Across North America, first responders and hospitals report a deluge of overdoses among heroin users whose drugs are mixed with fentanyl, a strong synthetic opiate or the even more powerful carfentanil, which is used in veterinary anesthesia. Word from Vancouver is that public health workers have used a reagent test for the presence of fentanyl in other street drugs for the clients that they serve.
In addition to the dangers posed by heroin itself, these additives make street doses unpredictable in strength. By volume, the synthetics are much more powerful, and street users depend upon illicit manufacturers and distributors to supply semi-predictable products. Although many street users now expect that the heroin they buy (and sometimes, the cocaine) will contain synthetics, they also have little or no way to know how carefully compounded these drugs are. Judging from the rapid rise in overdoses in recent weeks, the answer is that dosage chaos reigns.
Why Vancouver first? First, British Columbia is treating it as the emergency it is. It declared it as such in April 2016, with the CBC reporting that by June, 71 overdose deaths had taken place and 60% involved fentanyl. But uniquely, the city has a government-funded organization called Insite, a supervised injection site for drug users. Nurses and other clinic workers staff the place, and it is the only program like it right now in North America. Insite also has some health care services, provides clean needles and can respond to overdoses on site.
Drug users bring in their own drugs, and they are free from the risk of arrest while they are there. This also provides an opportunity for drug testing. Consumers of the drugs can learn about the composition of the drugs they are about to inject, while the clinic can gain information about, and report on, trends in purity and composition of street drugs.
Which brings us to the potential of fentanyl test strips. Francine Diep reports in Pacific Standard magazine that fentanyl testing may – emphasis on may – provide some benefit to drug users by detecting its presence. Insite ran a pilot testing program this summer, using the strips for a month on as many samples as they could. 90% of the heroin samples contained fentanyl, and some of the cocaine samples did, as well.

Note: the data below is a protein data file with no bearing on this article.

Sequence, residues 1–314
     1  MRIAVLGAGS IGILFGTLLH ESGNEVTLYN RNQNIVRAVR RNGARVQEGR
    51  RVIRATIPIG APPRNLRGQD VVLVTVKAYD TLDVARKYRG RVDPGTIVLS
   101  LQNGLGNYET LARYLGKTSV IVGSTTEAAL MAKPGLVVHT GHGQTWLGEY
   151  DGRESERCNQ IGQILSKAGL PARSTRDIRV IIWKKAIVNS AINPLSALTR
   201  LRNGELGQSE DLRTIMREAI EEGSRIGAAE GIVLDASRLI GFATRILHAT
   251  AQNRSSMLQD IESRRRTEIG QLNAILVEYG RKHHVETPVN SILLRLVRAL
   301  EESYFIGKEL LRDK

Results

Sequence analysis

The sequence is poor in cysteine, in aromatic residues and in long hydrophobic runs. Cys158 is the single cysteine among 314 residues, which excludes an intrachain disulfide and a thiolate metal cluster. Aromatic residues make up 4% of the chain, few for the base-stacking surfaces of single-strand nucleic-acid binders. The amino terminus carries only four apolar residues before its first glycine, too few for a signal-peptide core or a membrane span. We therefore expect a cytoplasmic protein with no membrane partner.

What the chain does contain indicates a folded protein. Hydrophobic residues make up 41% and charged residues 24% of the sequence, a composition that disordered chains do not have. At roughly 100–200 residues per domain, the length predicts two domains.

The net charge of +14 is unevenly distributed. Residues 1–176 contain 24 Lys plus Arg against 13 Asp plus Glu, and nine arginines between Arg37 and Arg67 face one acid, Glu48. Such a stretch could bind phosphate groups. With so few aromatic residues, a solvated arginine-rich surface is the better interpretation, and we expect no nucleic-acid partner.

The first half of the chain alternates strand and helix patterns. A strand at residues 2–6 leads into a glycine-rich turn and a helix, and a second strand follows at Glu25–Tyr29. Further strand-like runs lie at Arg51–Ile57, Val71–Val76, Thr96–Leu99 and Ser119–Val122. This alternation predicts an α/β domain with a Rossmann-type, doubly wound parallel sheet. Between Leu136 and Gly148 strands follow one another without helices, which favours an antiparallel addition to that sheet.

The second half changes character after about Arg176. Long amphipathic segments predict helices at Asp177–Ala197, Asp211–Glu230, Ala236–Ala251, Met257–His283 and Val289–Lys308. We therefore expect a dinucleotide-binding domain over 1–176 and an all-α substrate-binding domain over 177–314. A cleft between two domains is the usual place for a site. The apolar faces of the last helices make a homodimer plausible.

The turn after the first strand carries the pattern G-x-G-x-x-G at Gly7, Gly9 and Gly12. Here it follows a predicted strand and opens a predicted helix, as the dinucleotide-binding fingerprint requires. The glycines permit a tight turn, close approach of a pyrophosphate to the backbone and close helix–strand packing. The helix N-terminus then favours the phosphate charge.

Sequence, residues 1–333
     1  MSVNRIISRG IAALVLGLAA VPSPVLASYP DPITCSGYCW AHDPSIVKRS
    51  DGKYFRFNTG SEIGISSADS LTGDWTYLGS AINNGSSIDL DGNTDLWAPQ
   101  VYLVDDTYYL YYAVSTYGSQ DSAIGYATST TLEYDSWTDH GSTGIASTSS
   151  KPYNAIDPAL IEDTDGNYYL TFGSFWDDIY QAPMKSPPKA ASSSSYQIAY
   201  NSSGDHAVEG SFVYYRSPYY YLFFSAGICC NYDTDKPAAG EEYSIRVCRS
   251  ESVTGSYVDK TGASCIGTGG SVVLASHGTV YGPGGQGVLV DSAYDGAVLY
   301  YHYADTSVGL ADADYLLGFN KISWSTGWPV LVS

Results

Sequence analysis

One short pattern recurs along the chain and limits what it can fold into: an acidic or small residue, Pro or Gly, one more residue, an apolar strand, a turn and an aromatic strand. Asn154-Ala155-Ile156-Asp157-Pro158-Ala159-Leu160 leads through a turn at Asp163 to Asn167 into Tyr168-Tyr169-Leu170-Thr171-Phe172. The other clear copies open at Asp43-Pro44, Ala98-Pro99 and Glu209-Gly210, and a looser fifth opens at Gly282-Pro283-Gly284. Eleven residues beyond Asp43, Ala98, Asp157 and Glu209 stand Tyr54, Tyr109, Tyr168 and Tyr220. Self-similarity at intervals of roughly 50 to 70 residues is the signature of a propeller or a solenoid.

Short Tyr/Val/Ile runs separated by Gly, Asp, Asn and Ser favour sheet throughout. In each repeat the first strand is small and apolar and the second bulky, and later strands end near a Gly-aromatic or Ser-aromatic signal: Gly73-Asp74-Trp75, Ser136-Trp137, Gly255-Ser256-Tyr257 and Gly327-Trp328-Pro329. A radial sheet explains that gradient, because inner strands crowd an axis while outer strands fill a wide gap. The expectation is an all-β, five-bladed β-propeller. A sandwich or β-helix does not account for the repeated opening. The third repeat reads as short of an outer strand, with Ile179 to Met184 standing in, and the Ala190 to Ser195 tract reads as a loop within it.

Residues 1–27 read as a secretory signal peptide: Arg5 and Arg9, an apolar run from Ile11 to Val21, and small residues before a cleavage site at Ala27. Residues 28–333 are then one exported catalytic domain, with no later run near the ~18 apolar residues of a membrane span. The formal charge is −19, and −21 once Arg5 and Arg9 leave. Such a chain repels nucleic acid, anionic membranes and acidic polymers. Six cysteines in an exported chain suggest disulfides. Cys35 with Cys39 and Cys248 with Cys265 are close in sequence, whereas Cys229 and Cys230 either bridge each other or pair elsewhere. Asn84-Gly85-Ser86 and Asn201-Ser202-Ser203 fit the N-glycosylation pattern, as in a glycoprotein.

There are two key issues here. First – how accurate the tests are from a strictly scientific viewpoint: what are the rates of type I and II errors, and what is the specificity to the problem of an adulterant like fentanyl as opposed to cross-reactions to other less deadly ingredients? The strips were originally designed to test urine, and in lab settings it has a 6% false positive rate and a 0% false negative rate. Most of the medical consultants on Insite’s project felt that it might do just as well in water-dissolved samples at the clinic. In the abstract, the low false negative rate is good news. The test strip doesn’t react to carfentanil, however.
It should be kept in mind that some users actively seek out synthetic opiate pills, either preferring them to injecting heroin or using them as a bridge at times when heroin is hard to come by. People who buy hydrocodone illegally may be getting fentanyl instead, or a mixture, and again, the unexpected strength can be deadly. It appears that fentanyl in a hydrocodone preparation is what killed legendary musician Prince at age 57 in Minnesota this past spring.
Also, to what extent does a positive result for fentanyl discourage a user from injecting the drugs? Diep notes that few people at the Vancouver site seem willing to throw away contaminated drugs altogether. But staffers suggest they may be willing to lower their intake if they know the powerful synthetic is present. The clinic reports that 86% of the drug samples they tested contained some fentanyl, which implies that at least for the population that uses that clinic, it may be hard to avoid.
Fentanyl is now everywhere. It can be purchased on cryptomarkets online, where either tablets or ingredients can be obtained. Making it is not that difficult, and mid-level distributors can move into manufacture. It can also be diverted from legitimate medical use, as it is often prescribed to people with cancer.
Similar ideas for other cities have been stymied by an insistence on abstinence and prohibition-based approaches and legislation which inhibits or quashes altogether such harm-reduction opportunities, in both Canada in the US. The only recent harm-reduction initiative that hasn’t been aggressively and routinely blocked is overdose-reversal medication like naloxone, which many communities distribute to first responders or make available to the public by prescription.
But as synthetic mixes hit the streets, naloxone is less effective. Reports from Indiana suggest that when carfentanil is present, even five or six doses of naloxone may not reverse the effect. Carfentanil is also powdery and light, posing risks to police and EMTs who respond to places where the drug is present just by touching or inhaling it, in a similar way that methamphetamine making can expose others to risk.
So, the way to think of the new synthetic adulterant problem is: a mess we don’t know how to handle, situated on top of a mess that we do know more about than we are willing to do. You’d think decades of a failed War on Drugs – drugs won, in case you haven’t been keeping up – would demonstrate the need for greater humility and innovation in policy making. The pilot project in Vancouver can save lives and prevent injury, and similar programs could also tell us a great deal about drug adulteration, and how best to protect public health.